|Type||Journal Article - Stellenbosch Economic Working Papers|
|Title||How invariant is South African child poverty to the choice of equivalence scale or poverty measure|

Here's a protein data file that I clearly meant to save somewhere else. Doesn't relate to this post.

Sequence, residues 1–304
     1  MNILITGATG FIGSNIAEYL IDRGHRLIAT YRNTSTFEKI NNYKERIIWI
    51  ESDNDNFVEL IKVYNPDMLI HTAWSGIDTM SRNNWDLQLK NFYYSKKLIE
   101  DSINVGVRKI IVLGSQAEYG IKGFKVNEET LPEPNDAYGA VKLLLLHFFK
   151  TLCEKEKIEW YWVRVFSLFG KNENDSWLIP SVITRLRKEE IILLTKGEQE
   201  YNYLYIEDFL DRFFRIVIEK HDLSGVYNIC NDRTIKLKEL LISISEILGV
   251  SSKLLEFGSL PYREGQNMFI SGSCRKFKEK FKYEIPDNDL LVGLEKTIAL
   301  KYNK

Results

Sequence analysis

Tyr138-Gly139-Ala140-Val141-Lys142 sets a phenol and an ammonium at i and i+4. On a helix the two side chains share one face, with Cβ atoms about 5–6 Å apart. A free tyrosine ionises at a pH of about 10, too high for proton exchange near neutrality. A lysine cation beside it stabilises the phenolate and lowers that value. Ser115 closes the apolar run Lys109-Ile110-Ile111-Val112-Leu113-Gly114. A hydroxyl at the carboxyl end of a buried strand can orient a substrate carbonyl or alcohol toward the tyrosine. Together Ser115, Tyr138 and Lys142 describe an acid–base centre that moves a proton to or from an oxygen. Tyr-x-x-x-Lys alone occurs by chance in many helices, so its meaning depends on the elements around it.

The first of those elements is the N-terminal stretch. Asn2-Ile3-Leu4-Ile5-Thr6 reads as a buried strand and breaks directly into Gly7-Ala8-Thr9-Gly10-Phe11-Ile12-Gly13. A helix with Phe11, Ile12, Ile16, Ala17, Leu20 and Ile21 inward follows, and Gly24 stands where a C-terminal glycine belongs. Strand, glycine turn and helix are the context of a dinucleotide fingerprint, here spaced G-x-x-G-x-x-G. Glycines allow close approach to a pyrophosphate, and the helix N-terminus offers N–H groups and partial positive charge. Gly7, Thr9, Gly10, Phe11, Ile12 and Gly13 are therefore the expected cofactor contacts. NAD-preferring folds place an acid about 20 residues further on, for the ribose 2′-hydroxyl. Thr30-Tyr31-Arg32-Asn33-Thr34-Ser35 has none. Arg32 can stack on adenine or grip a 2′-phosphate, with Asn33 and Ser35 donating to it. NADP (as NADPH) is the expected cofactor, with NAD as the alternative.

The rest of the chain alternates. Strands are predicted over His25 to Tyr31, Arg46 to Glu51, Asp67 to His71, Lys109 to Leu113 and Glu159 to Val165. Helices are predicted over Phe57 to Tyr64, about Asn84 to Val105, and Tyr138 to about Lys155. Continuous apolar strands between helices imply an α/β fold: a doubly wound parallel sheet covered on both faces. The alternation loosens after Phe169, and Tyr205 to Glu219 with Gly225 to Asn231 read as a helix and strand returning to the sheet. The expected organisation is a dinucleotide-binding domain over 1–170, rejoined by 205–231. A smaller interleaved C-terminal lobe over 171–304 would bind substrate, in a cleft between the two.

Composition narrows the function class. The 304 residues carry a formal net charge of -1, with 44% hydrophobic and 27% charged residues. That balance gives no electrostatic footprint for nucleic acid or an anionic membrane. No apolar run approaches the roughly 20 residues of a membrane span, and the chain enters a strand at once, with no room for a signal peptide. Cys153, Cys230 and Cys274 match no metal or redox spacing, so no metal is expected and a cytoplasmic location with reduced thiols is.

This paper offers evidence on the sensitivity of child poverty in South Africa to changes in the Adult Equivalence Scale (AES) and updates the child poverty profile based on the Income and Expenditure Survey 2005/06. Setting the poverty line at the 40th percentile of households calculated with different AESs the scope and composition of child poverty are found to be relatively insensitive to the scale used. The rankings of children of different ages, girls versus boys, racial groupings and children living in rural versus urban areas are unaffected by choice of AES, although some provincial rankings on the poverty headcount measure are. The proportions of children and households ‘correctly’ identified as poor for the full range of scales is extremely high. These findings support the argument of Woolard & Leibbrandt (2006) that it may be appropriate for profiling poverty in South Africa to use a poverty line based on a per capita welfare measure. For the construction of the child poverty profile, per capita income is used as the welfare indicator with the poverty line set at the 40th\n1 *Child Youth Family and Social Development, Human Sciences Research Council, South Africa; **Department of Economics, Stellenbosch University South Africa. percentile of household. The profile suggests that poverty amongst children is more extensive than amongst the population or adults even after the massive injection of transfers into households with poor children through the child support grant. The child poverty headcount, depth and severity are all highest amongst children age 0-4 and lowest amongst those aged 15-17, who are not yet beneficiaries of the grants. They are also highest amongst African and Coloured children. Large variations across provinces remain. The analysis underlines the importance of prioritising children in the fight against poverty, particularly in their earliest years.